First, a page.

“’TWO’’s pulsing, immersive live performance melded electronic and analogue instrumentation with striking visuals to create one of the most precise, beautiful and challengingly magnetic pieces we have ever had the privilege of staging. That Sakamoto and Noto are pleased enough with the recorded result to share its continuously unfolding, sinuous, questioning music with others is as singular an honour as it was for Sydney Opera House to host them." Ben Marshall - Head of Contemporary Music, Sydney Opera House.
Sharing a deep simpatico synergy, Alva Noto’s abstract electronic formalism contrasts and compliments Sakamoto’s exquisitely elegant piano finesse, which incorporates an individualistic take on classical, contemporary, minimalism and even a touch of jazz. At points melodic, atmospheric, gently rhythmic, textural and spatial, audio headspaces range from intimate and serene womb-like flotation, infinite fathoms of dark metaphysical expanse and moments of devastatingly poignant beauty.
The sparing, subtle use of parts populating the mix belies a deceptively effective whole, which indicates two masters’ skill and confidence in being able to say something profound with an intentionally restricted sonic vocabulary. At all times the album maintains a calm poise, and despite its improvised nature withholds an innate harmony and graceful order. Like two aural architects free-drawing, this is sound design for better living.”
With their first LP in over three years, Californian psych-dub duo Peaking Lights return with a kaleidoscopic collection of lo-fi, escapist-electronic pop.
"Over their illustrious twelve-year-plus career, the husband and wife duo of Aaron Coyes and Indra Dunis have set themselves apart with their characteristic dreamy, and melancholic sound that blends together elements of dub, and delicate-but-quirky electronics. E S C A P E, Peaking Light’s sixth album, and first for Dekmantel, finds them at their finest, replete with atmospheric landscapes crafted out of homemade-percussive loops, that sit alongside wondrous electronic pop and krautrock-like hooks, all tied together by Indra Dunis’ composed and hypnotic vocal charm.
Now based out in Amsterdam, and having firmly established themselves on Dekmantel with their 2018 EP Sea of Sand, Coyes and Dunis’ unique brand of indie-synthwave yet further explores their ongoing delve into transcendental, psychedelic music. With E S C A P E, the production duo illustrate their pragmatic use of instrumentation and dubbing to create more heady and celestial avant-pop. From the very outset on opening track ‘Dharma’, the band’s iconic retro-dub aesthetic kicks in, before being accompanied by a litany of drum machines, sweeping compressed effects, and Dunis’ hypnotic serene vocals. Coyes, somewhat of a connoisseur and collector of varying studio gear adopts his steadfast dynamic approach to production, playing with new mixing techniques, tape loops, compression and effects throughout. It’s this freedom to indulge, and create new instruments, processes and sounds that have made Peaking Lights unique; an ever-present industriousness that characterises E S C A P E, whether it be on the deep textures of ‘Change Always Comes’, to the cathartic 80s pre-rave-wave of ‘The Damned’.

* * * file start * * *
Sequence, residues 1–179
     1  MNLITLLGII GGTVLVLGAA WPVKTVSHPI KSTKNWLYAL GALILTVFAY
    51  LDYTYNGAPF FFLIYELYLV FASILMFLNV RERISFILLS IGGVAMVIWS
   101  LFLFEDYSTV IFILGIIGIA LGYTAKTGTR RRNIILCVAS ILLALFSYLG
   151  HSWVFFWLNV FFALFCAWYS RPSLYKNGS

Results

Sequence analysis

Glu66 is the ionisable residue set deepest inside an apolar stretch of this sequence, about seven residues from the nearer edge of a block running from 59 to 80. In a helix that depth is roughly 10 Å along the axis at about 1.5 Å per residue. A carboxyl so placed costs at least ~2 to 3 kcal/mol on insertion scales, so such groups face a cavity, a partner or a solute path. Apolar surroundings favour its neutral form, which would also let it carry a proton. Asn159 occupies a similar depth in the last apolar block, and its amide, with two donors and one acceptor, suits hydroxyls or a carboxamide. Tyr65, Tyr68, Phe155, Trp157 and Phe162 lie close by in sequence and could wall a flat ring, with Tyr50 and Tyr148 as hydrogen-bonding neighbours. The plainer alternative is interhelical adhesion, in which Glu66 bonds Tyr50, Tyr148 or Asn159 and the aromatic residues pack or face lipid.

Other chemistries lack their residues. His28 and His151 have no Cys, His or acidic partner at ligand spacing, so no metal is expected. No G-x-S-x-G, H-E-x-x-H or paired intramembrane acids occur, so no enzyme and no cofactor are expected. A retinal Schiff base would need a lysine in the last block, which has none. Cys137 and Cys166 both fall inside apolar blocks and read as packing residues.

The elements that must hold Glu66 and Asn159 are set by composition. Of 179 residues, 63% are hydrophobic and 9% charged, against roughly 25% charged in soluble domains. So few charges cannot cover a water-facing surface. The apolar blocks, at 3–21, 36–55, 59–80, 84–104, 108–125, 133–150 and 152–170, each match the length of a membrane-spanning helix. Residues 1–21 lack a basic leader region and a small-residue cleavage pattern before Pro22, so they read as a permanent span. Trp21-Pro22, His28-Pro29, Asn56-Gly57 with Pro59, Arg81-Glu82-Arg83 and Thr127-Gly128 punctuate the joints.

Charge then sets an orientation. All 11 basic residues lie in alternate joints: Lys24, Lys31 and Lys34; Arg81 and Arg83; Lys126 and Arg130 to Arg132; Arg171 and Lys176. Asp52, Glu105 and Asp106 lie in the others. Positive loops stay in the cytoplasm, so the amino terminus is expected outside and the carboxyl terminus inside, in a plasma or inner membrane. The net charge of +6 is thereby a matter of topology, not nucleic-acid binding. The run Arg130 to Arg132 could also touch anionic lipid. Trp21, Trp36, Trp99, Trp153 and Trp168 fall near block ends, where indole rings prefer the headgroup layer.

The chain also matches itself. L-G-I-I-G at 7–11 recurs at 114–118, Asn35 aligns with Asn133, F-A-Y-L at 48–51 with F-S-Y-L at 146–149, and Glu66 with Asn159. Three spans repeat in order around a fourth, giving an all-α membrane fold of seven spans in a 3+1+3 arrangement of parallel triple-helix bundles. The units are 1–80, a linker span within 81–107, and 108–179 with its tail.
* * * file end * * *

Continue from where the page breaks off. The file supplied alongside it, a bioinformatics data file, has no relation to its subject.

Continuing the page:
E S C A P E is a vibrant moment full of multi-spectral melodies crafted in an aesthetic the group have excelled in and made their own; a style exemplified by their breakout 2011 LP 936. And throughout E S C A P E, whether it’s on the esoteric ‘Eyes Alive’ to the mesmerising beach rhythms of ‘Dreams’, Peaking Lights’ rich and reverberated sonic palette shines through. For both dreamers and dancers alike, the latest offering to Peaking Lights’ illustrious catalogue is a true mind-expanding and fantastical listen full of passion and catharsis."
Proper, um, conceptronica from Alva Noto + Anne-James Chaton, bridging Middle Ages texts and modern electronic minimalism to reflect on how we perceive ourselves in the digital world
“ALPHABET takes its inspiration from the Etymologies of Isidore of Seville – a gargantuan encyclopaedia from the seventh century and the most widely-used textbook of the Middle Ages. TakingEtymologies as its starting point, ALPHABET explores the strategies man devised to represent the world and applies them to the digital age. It’s a piece that invites the spectator to immerse themselves in the multiple relationships between, language, its digital translations and our understanding of the world.